So, I thought "Ah well, she can wait till lunchtime now," and we carried on with our day. She ate her lunch and seemed fine for a few hours, dozing peacefully at the top of the stairs outside my study. I was working hard*** on the computer, and I thought she was fast asleep, until I heard odd wet slurping sounds. I went out onto the landing, and was greeted by a thick rope of dog vomit, consisting predominantly of grass, which the horrible, horrible animal was about to try and eat. Re-eat? Whatever.
I cried out in disgust, then (in even more disgust) picked up the solid lump-o'-vom and carried it outside to the bin. Gah.
Again, she'd managed to barf it all up onto the carpet, rather than either the tile, stone or wooden floors in the rest of the house. Well done, dog. She's so clever. I'm very proud. Here she is, placing her order for a walk.
"I'll take this one please. With extra cowshit for me to roll in, and a plentiful supply of grass to eat. Oh, and some partridges to startle. Make it so."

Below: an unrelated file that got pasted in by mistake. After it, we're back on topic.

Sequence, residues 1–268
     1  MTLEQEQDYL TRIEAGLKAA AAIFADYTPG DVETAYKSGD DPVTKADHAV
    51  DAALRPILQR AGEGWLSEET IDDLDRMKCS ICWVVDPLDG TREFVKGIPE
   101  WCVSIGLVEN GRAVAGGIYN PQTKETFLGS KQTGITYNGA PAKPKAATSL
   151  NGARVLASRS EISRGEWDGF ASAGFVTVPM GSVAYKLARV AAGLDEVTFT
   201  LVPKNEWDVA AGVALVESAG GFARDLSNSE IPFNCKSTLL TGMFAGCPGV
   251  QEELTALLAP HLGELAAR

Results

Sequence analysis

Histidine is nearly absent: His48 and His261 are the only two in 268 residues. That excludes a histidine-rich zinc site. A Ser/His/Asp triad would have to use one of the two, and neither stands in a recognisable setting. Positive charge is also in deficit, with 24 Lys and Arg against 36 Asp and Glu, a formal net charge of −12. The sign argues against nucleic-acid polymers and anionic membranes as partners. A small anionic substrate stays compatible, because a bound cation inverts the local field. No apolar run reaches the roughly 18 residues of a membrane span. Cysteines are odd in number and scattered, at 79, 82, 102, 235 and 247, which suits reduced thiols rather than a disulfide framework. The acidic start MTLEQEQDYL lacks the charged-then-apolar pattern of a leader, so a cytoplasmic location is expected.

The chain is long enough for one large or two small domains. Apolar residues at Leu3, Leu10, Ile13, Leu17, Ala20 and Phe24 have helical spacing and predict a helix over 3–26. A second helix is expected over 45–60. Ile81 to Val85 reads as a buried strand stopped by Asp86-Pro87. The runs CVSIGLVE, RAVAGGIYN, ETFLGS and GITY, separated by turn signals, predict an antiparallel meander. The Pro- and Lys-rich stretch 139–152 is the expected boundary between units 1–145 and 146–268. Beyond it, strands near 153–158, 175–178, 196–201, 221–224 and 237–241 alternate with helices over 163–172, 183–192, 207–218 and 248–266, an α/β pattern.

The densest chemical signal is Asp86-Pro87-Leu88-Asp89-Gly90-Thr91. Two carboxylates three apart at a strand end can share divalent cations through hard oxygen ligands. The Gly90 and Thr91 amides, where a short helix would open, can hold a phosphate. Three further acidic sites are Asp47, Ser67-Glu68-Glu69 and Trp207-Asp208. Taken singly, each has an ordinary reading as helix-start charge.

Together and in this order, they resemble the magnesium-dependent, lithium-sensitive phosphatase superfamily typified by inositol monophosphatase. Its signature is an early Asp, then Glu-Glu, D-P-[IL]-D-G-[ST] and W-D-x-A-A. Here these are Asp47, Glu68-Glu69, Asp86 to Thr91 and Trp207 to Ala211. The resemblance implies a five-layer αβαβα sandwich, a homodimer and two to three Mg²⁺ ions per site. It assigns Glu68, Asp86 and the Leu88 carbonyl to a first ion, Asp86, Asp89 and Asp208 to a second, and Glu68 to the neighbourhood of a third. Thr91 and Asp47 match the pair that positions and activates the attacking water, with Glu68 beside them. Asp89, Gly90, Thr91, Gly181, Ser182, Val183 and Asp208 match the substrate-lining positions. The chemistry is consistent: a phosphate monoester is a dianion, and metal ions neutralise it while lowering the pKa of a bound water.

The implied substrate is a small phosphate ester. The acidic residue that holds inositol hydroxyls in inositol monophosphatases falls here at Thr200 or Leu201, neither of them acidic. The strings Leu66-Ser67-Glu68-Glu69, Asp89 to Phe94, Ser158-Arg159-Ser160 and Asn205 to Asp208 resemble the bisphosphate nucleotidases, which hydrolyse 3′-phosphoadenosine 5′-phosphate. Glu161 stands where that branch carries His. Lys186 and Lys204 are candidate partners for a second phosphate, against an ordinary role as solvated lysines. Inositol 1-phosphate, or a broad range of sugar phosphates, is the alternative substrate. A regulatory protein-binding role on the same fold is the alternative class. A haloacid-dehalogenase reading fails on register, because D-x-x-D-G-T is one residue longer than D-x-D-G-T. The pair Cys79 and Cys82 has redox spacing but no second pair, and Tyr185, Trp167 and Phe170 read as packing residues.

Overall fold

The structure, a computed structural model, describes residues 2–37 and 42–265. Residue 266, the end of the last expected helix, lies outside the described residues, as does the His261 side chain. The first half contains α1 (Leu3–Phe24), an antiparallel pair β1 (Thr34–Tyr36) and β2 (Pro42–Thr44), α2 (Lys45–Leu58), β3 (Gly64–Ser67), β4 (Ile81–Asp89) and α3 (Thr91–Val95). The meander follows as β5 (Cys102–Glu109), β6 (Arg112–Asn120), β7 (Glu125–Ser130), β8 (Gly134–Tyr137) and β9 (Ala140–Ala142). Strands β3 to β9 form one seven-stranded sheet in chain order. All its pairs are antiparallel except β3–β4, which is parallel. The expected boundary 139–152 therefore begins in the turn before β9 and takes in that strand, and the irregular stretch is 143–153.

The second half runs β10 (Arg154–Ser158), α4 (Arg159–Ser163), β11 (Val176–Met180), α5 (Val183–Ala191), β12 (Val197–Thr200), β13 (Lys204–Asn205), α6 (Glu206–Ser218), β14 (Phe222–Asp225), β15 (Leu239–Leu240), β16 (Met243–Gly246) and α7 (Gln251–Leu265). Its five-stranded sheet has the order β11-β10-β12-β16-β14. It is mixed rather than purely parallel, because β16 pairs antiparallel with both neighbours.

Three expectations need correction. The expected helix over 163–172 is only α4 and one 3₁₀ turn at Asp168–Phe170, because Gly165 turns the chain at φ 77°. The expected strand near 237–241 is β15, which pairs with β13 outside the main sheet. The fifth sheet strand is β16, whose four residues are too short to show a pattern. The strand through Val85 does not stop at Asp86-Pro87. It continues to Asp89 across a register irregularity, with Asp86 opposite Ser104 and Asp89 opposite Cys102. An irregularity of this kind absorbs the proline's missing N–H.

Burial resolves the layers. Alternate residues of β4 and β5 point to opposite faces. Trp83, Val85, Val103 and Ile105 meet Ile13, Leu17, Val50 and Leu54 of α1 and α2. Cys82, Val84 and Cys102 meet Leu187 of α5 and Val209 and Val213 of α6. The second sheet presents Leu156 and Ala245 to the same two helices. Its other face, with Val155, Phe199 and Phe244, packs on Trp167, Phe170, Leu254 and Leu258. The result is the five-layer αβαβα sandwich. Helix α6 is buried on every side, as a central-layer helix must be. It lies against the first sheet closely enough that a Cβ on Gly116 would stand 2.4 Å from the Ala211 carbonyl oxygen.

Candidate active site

Good job we love her. She likes to sleep like this, stretched out against the sofa. It can't be comfortable, she's twisted like a corkscrew. That white thing under her head is her fleecy blankie that she brought with her from her parents' place when she moved in. She goes and fetches it from her bed when she wants to go to sleep.
I recently loaded Instagram on my phone. I can take brown 1970s stylee photos like a pro now. This is from one of our favourite walks:
Other news: I have had a drastic haircut. I know I mentioned it before, but here are photos. You lucky people.
I'm fortunate to have naturally thick, wavy hair, which has (mostly) retained its natural colour, apart from the occasional brilliant white one. As my hair is very dark, the buggers really show up. Bah.
For about the last 10 years I have had it fairly long, which I liked. However, a few weeks ago I was sitting reading a book, and I realised that my hair was irritating me. It had got long enough that when I leaned back in my chair, I leaned on it and pulled it, and when I leaned forward it fell over my face and got in the way. I went to put it up, and as I did so I thought "I always wear my hair up nowadays." It had got too long to wear down, so it was always clipped up off my face. And in a blinding flash of inspiration, I thought "Hey! I could have it cut off, and wear it loose again!"
I had 10 inches cut off. Look, here it is: